Season over for Schniederjans, Tech
by Adam Carrington
June 02, 2013 12:23 AM | 1812 views | 0 0 comments | 10 10 recommendations | email to a friend | print
Former Harrison standout Ollie Schniederjans fell into a hole early in Saturday’s semifinal and couldn’t catch up to Alabama’s Cory Whitsett.
<BR>Staff photo by Kelly J. Huff
Former Harrison standout Ollie Schniederjans fell into a hole early in Saturday’s semifinal and couldn’t catch up to Alabama’s Cory Whitsett.
Staff photo by Kelly J. Huff
MILTON — Ollie Schniederjans was even-par at the turn during semifinal-round match play of the NCAA championship Saturday at the Capital City Club’s Crabapple Course.

But Alabama’s Cory Whitsett was already 4-up on him.

It was that kind of day for both the former Harrison High School star and his Georgia Tech teammates.

Schniederjans lost to Whitsett after 16 holes, coupling with losses by Seth Reeves and Shun Yat Hak to end the Yellow Jackets’ season.

Georgia Tech’s Anders Albertson and Bo Andrews were all square with their opponents after 18 holes, but with Alabama’s win in hand, those two matches were deemed draws.

The Crimson Tide made it into the championship round for the second straight year and will face Illinois, which stunned top-ranked California in the other semifinal.

After leading Georgia Tech to victory over UNLV on a playoff hole Friday, Schniederjans didn’t play poorly Saturday. He was 1-under through 16 holes, with three birdies.

But he wasn’t good enough to beat Whitsett, who led Alabama with a 71.26-stroke average, two tournament victories and six top-five finishes this season.

“(Whitsett) is really good. He played great,” Schniederjans said. “I would have had to play pretty much flawless to beat him (Saturday), and I knew that going in. It was not like I was shocked that he was tearing it up. I knew he would do that.”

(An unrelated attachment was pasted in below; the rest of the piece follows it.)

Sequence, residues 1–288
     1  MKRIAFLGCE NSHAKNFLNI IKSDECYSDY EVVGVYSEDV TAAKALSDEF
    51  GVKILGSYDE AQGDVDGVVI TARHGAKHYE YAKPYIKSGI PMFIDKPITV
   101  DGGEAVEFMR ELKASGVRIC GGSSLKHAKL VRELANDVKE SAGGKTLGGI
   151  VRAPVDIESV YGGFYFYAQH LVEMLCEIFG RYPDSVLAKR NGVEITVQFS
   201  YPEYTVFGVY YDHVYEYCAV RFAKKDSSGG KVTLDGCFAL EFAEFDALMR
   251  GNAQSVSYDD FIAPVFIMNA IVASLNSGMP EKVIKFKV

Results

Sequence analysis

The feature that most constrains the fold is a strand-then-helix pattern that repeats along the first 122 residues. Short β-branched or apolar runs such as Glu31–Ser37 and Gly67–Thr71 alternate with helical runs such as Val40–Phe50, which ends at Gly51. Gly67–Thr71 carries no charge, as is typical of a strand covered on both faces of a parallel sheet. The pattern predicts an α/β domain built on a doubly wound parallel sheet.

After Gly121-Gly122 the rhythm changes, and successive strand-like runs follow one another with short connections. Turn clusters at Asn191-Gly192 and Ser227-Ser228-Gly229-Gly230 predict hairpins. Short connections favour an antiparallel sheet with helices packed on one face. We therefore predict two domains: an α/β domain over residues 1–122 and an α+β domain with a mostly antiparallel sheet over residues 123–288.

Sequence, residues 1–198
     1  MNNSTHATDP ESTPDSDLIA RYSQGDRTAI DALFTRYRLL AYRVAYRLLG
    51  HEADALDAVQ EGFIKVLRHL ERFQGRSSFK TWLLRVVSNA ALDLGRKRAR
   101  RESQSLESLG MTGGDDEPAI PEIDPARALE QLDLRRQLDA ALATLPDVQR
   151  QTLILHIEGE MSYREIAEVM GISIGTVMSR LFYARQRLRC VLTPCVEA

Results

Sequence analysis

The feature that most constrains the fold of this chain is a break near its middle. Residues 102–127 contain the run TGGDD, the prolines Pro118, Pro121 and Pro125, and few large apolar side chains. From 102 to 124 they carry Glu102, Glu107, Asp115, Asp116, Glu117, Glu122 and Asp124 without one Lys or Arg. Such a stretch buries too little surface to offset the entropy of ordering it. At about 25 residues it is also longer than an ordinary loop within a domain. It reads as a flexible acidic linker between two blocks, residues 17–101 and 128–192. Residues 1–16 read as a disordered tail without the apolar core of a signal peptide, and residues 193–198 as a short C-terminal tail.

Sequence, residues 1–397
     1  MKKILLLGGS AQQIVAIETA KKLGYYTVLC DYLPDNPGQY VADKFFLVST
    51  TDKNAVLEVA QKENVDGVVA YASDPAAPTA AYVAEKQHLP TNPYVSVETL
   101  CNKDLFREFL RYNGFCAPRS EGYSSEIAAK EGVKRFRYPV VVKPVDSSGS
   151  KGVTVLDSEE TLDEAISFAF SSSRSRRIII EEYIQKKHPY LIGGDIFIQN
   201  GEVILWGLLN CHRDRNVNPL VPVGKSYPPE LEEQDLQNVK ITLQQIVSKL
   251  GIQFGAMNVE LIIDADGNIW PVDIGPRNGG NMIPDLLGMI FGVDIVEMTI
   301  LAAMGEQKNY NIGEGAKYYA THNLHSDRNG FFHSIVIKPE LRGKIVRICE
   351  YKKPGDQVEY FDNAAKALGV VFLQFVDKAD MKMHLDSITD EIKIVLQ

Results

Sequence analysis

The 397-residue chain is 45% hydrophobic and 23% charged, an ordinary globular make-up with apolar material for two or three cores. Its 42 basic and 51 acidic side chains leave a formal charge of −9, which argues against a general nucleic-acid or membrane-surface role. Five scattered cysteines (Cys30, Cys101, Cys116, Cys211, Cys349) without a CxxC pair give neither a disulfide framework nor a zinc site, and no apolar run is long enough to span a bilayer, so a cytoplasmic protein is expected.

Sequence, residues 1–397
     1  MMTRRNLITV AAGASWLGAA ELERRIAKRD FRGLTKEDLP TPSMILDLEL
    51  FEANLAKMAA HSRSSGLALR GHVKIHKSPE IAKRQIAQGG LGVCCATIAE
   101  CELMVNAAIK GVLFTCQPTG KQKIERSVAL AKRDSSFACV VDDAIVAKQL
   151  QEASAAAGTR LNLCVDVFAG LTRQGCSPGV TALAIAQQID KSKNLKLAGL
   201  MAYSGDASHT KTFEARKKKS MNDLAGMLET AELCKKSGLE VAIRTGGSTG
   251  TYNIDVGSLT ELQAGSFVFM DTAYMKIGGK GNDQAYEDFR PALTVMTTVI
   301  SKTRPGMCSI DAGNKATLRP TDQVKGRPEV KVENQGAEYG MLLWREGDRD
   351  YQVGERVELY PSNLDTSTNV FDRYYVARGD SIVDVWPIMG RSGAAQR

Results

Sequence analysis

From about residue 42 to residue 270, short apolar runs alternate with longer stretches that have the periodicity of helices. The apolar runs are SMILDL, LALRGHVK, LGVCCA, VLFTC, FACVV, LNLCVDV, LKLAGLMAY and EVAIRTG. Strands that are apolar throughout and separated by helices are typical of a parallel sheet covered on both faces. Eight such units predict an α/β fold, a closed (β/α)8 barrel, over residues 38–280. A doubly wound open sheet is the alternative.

Schniederjans found himself playing from behind early when Whitsett birdied Nos. 1, 4 and 5 to go 3-up. Schniederjans kept up with his near-flawless opponent for the next two holes until Whitsett went 4-up with a birdie putt on 7.

“I got off to a hot start,” Whitsett said. “I made good wedge shots early and made putts. (Schniederjans) is a great player. He had huge finish (Friday) to win for Georgia Tech in the playoffs. He is a really good match player and I knew it was going to be a good match on a course he plays on a lot.”

Schniederjans couldn’t gain any ground until he made a 20-foot birdie putt on 10.

But two holes later, he stumbled and found himself fighting just to stay in the match.

A near-perfect tee shot on a par-five 12th hole culminated with a bogey for Schniederjans. After his second shot went right of the green, he misjudged his third shot and landed short. Schniederjans still had a chance for par, but his 6-foot putt didn’t find the hole.

“I tried as hard as I could to fight back and made a great birdie on 10,” Schniederjans said. “But then on 12, I screwed up. He made par on a par-5, and I had a great drive and make 6, so all of sudden I had a chance to pull it to 2-down, but instead it goes back up to 4.”

With both golfers making their shots, Schniederjans couldn’t gain ground on the 13th and 14th holes, but he kept the match alive on 15 by hitting a 220-yard tee shot that landed 6 feet from the hole for birdie.

But a missed birdie putt from 25 feet out on No. 16 clinched the match for Whitsett.
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